Remember the checklists you see in the cases – during the exam cut the crap and just go thru them in order like a machine: duration, location, radiation, onset, EVERYTHING, in order. Unlike anything else you might say you are actually guaranteed a point for these things, don’t forget at the end of the day your grade is just a bunch of dots they fill in that will be scanned into a computer, no humans involved, so if you forget to ask about the radiation of the darn pain you’re down a point no matter how well you got the Dx in the end or if you talked eloquently about smoking cessation for 5 minutes (worth the same point as a 3 second question, no bonus for being thorough), because the patient does not write any words on your scorecard, just little dots. 

Just memorize the cases. Don’t bother reading Bates and Harrison’s for this exam, it’ll get you nowhere. To see more checklists you may want to sign up for a subscription at

Do not bother asking anything not on the checklist of these cases, there is NO PROVISION in this exam to raise your grade for a lot of thorough but not to the point questioning. If it’s not on the checklist the patient can’t grade you. Keep this in mind for any cases that are unfamiliar, stay very focused, you won’t have much time for chit-chat.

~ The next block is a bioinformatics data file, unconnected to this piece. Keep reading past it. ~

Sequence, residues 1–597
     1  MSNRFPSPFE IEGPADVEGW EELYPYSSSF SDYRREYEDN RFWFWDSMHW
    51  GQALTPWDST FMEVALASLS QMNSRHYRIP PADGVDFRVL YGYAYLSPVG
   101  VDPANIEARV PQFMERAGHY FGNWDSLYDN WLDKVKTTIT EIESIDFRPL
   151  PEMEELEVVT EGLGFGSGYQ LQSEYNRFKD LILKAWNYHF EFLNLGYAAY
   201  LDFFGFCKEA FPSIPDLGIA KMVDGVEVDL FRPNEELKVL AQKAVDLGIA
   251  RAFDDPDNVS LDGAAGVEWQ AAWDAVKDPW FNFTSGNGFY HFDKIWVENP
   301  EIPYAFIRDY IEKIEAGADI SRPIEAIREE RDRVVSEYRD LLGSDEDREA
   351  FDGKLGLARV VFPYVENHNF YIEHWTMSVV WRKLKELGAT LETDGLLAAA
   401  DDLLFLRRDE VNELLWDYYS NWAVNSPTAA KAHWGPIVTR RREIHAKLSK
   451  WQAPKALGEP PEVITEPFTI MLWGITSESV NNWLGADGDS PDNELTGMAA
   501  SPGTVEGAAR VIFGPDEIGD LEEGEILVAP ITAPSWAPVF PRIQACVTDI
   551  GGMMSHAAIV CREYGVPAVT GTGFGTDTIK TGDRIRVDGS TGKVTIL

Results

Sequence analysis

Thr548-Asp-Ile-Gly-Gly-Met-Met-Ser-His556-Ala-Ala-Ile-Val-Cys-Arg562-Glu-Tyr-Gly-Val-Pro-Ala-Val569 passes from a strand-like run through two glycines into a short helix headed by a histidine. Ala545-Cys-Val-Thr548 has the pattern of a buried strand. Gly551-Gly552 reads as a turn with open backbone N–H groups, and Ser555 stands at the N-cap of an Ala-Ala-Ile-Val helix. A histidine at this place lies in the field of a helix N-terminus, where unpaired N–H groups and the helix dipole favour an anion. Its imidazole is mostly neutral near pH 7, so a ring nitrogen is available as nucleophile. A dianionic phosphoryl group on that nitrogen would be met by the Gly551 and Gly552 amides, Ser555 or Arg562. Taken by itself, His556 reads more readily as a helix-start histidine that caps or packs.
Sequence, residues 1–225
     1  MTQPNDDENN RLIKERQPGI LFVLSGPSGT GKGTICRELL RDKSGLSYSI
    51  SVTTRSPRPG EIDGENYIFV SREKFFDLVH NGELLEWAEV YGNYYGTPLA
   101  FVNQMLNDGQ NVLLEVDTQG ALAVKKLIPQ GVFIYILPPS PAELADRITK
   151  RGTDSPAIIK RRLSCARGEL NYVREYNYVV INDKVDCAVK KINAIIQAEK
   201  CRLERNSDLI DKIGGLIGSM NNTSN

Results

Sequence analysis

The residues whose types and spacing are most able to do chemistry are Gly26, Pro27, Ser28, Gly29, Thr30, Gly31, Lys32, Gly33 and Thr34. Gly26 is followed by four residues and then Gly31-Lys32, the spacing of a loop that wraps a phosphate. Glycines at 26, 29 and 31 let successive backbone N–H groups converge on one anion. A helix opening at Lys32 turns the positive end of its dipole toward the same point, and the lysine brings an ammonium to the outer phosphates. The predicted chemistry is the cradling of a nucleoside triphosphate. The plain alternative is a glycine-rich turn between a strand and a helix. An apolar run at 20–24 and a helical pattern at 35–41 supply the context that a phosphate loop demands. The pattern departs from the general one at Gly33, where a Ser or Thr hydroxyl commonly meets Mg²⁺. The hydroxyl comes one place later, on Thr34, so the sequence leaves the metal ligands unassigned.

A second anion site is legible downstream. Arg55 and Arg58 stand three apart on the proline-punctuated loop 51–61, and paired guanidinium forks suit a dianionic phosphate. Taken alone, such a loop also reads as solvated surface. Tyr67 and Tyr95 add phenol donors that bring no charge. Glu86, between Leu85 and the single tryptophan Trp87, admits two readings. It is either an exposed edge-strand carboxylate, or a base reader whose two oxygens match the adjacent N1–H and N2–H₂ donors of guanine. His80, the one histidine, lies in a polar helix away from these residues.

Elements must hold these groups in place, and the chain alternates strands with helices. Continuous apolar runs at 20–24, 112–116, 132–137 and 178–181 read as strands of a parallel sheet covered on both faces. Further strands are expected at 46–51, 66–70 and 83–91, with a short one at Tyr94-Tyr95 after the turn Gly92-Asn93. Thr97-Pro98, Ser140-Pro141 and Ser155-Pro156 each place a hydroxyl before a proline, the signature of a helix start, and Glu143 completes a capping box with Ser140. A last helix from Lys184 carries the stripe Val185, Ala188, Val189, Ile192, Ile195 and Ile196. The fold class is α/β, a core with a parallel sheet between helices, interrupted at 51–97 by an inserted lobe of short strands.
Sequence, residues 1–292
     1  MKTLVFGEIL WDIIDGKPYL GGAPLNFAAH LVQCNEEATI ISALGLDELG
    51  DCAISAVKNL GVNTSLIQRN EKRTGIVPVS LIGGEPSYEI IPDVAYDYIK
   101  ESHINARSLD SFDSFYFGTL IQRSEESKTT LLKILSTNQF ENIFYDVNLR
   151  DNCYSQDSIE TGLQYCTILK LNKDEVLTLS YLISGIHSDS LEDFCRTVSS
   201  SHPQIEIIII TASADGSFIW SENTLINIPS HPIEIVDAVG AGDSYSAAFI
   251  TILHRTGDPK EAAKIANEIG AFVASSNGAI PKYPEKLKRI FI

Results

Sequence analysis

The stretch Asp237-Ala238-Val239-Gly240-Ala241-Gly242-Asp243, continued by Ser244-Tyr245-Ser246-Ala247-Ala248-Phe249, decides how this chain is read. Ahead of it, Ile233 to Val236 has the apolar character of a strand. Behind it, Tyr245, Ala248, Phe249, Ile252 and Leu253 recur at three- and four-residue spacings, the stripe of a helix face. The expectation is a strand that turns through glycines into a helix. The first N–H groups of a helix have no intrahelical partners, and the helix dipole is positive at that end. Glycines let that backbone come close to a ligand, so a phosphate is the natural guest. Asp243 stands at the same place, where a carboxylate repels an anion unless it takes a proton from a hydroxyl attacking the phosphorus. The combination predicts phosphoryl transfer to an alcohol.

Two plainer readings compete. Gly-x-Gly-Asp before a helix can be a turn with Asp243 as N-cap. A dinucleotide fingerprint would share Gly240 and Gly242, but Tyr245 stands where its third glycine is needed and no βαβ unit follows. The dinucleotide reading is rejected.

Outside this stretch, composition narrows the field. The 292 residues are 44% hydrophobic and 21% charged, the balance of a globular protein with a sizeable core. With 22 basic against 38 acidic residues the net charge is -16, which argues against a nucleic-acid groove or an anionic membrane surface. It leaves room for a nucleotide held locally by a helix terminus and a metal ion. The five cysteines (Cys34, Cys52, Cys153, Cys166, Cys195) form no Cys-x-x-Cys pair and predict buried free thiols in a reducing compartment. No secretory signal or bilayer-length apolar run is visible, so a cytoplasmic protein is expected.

Finally, not on these checklists are a few things mentioned in the official MCCQE part 2 manual at (read the manual very carefully it gives away LOTS of pointers on how they score), having to with transitions thru different parts of the exam, telling the patient what you’re about to do, using non-medical language, washing your hands, and so on: each of these dozen or more points is graded on every single patient. 

Most people fail the “data gathering” component, i.e. the checklists, and pass the English and patient note. Unfortunately failing any part of MCCQE Part 2 fails you for the whole thing.

It’s up to the patient to decide if you showed respect for their modesty when moving the gown, summarized what you found, acknowledged their concerns, etc, so you better make a conscious effort to DO all these things in an exaggerated obvious manner, they add up to a big part of your grade, so make sure all 10 patients check off “YES” next to every point. 

Good Luck.
Sophia L.

Do you have a license to practice medicine in any U.S. state?

If so, you may qualify to work in New Brunswick, Canada.